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|EXITMaurice Godfrey Wells|
Maurice Godfrey WellsBorn January to March 1898 - Killed in Action 26th March 1918
Maurice Godfrey Wells was the youngest son of Alfred and Annie Wells of Lawnside, Hills Road, Buckhurst Hill. Maurice had older siblings - Maud, Muriel, Alfred and Eva. His grandfather had been a master builder and his father Alfred was a Company secretary in the shipping business Maurice attended Bancrofts between1910 and 1914. He was bright and throughout enjoyed the benfits of a day-boy scholarship.
Maurice was of an age whereby he was still at Bancrofts when war broke out. german had been introduced into the language curriculum around the time Maurice began at Bancrofts. At one and the same time the school recognised the burgeoning influence of an expanding Germany as well as doubtless capitalising on those German-speakers on the staff - Herr Guthlech and Herr Brinkmann. Maurice, like the Wood boys before him excelled in languages.
When war was declared however, he, amongst a number of others, doubtless felt the frustration of youth held back from joining the slightly older boys at the front. The wars dragging on ensured he would not miss his chance. Following officer training on the 12th November 1917 he was gazetted as Secoond Lieutenant in C battery of the 211th Brigade of the Royal Field Artillery. The 211th was a prewar territorial unit, and by 1918 was manned by a mixture of experienced artillery men and the newly enlisted like Maurice. His gunners and the riders for the limber and horses were for the most part significantly older than Maurice. In his company we know they were men drawn from places like Dundee, Gateshead, Rotherham and Stockport. Many of them had been out at the front for the best part of three years.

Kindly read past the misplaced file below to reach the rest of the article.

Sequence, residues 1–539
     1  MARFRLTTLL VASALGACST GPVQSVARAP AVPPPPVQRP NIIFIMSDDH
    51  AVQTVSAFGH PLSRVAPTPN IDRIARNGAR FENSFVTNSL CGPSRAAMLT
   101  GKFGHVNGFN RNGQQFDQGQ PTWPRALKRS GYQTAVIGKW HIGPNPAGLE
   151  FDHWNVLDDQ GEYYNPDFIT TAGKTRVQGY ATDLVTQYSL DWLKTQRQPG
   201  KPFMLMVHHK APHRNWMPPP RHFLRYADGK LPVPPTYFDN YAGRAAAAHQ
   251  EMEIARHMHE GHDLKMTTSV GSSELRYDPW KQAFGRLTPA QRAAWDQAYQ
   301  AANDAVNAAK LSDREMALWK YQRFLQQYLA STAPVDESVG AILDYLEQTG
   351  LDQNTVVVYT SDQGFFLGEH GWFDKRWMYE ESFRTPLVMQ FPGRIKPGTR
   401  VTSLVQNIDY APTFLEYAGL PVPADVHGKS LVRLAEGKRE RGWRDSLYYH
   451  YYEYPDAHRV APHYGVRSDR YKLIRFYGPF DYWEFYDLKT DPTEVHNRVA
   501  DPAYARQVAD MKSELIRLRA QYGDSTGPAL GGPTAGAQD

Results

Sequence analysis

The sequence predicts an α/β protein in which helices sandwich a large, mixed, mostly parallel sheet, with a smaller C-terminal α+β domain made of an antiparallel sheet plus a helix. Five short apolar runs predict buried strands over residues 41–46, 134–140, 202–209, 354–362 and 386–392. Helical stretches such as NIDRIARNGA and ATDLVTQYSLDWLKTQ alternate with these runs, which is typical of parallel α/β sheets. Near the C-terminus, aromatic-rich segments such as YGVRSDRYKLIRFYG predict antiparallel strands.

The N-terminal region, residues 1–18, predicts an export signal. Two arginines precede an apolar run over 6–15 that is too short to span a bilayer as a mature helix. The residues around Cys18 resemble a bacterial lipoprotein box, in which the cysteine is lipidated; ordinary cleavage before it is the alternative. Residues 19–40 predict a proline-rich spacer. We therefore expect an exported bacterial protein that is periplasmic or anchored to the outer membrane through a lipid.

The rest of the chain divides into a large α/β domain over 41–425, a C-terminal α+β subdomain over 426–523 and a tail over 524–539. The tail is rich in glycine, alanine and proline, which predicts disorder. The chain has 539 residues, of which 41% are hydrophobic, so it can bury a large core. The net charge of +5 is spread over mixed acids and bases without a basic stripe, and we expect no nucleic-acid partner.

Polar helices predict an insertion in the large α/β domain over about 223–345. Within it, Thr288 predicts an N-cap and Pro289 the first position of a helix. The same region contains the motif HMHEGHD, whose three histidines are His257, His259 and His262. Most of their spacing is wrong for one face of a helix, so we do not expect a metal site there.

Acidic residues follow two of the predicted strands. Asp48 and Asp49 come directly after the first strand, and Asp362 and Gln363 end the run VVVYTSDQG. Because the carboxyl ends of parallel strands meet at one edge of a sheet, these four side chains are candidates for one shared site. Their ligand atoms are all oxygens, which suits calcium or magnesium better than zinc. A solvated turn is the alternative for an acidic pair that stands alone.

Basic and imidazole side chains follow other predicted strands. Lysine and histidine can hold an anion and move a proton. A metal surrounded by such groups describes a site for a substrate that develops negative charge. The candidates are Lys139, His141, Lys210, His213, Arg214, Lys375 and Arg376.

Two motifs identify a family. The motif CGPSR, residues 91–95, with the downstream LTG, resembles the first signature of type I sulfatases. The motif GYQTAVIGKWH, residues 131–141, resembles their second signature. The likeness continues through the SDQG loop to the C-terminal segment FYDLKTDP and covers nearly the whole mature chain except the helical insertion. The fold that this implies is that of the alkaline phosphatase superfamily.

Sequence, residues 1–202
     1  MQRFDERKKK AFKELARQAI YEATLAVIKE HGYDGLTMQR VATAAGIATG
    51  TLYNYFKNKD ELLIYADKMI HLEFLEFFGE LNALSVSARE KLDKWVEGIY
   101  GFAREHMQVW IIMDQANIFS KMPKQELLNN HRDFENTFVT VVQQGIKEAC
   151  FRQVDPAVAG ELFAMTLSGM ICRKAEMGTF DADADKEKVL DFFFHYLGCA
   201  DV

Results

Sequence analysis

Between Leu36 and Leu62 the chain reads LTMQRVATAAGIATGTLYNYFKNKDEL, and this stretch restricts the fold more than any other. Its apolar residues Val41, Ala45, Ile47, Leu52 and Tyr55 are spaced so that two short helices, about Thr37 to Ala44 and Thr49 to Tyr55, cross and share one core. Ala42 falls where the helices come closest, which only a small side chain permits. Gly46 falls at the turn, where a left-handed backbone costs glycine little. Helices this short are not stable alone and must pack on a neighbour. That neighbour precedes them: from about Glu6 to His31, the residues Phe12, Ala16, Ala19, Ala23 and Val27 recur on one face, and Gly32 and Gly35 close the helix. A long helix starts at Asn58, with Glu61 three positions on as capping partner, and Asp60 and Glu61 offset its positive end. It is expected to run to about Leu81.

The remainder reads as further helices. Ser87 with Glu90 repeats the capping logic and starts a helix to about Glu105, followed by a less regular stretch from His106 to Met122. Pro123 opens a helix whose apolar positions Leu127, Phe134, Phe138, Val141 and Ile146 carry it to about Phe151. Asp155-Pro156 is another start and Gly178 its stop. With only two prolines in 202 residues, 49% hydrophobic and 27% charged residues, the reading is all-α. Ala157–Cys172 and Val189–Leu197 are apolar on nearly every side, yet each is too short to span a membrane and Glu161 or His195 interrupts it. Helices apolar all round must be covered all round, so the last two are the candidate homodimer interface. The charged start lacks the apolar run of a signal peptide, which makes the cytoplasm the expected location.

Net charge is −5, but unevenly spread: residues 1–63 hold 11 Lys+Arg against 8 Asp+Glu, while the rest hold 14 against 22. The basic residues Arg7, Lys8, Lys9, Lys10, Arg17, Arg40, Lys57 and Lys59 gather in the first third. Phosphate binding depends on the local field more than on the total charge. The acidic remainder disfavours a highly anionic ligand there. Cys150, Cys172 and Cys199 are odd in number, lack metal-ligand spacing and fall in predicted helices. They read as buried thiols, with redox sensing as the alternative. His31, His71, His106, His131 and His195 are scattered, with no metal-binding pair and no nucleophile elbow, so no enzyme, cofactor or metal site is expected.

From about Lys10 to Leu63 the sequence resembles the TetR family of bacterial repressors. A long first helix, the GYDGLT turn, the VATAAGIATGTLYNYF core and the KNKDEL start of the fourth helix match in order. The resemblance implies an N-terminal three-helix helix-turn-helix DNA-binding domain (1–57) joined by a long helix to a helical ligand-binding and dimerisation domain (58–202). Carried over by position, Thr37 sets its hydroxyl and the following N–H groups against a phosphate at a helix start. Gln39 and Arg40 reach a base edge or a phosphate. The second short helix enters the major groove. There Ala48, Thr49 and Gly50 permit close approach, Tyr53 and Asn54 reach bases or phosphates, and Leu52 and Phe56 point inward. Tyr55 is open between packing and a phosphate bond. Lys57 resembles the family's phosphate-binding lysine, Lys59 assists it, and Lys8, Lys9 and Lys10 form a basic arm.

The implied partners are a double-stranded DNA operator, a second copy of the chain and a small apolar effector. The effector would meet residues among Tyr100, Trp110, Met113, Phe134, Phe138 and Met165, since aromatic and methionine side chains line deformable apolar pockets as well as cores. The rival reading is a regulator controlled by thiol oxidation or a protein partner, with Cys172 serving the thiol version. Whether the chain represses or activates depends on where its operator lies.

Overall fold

Despite his youth - his two pips and his training required Maurice to be a figure of authoriity and composure for the men around him. On 21st March 1918 the Germans Operation Michale Spring offensive saw units of two British armies thrown into retreat. For the artillery this presented a particualr challenge with the difficulties of moving the much treasured guns away from the advancing troops. Within hours of its start the front line had been pierced and iinfantry, artillery and others were thrown into a desperate retreat until firmer defences could be found.
The 211th had been a little way back from the front line and with a semblance of order had managed to retreat in those first few days of the offensive. By the 27th March they found themselves in hastily prepared positions in the vicinity of Bucquoy - a farming village some twelve miles south of Arras. The troops holding the front line at this point reported their suspicions that the morning was to see a massive assault upon their lines. calling up for artillery support Maurice’s brigade began to bombard the opposing lines. The barrage was answered by a heavy bombardment of the brigade’s gun emplacements and the infantry trenches in front of them. This was followed up as expected by a mass infantry assault between 11.00am and 2.30pm.
The intial attack was staved off but the shelling and the infantry charges resumed the following morning. Already a number of Maurice’s gunners had been killed or where wounded evacuated.. The British front line became progressively more ragged in its opposition and by lunchtime a large party of German stromtroopers had broken through and attacked the ‘C’ Company positions with grenades and at bayonet point. It was in this fight that Maurice was killed. He lies today with several of his men in BIENVILLERS MILITARY CENETERY.
The cemetery had originally been used in the 1916-17 battles of the Somme. In the March of 1918 it was reopened to accommodate the many fallen from the Operation Michael offensive.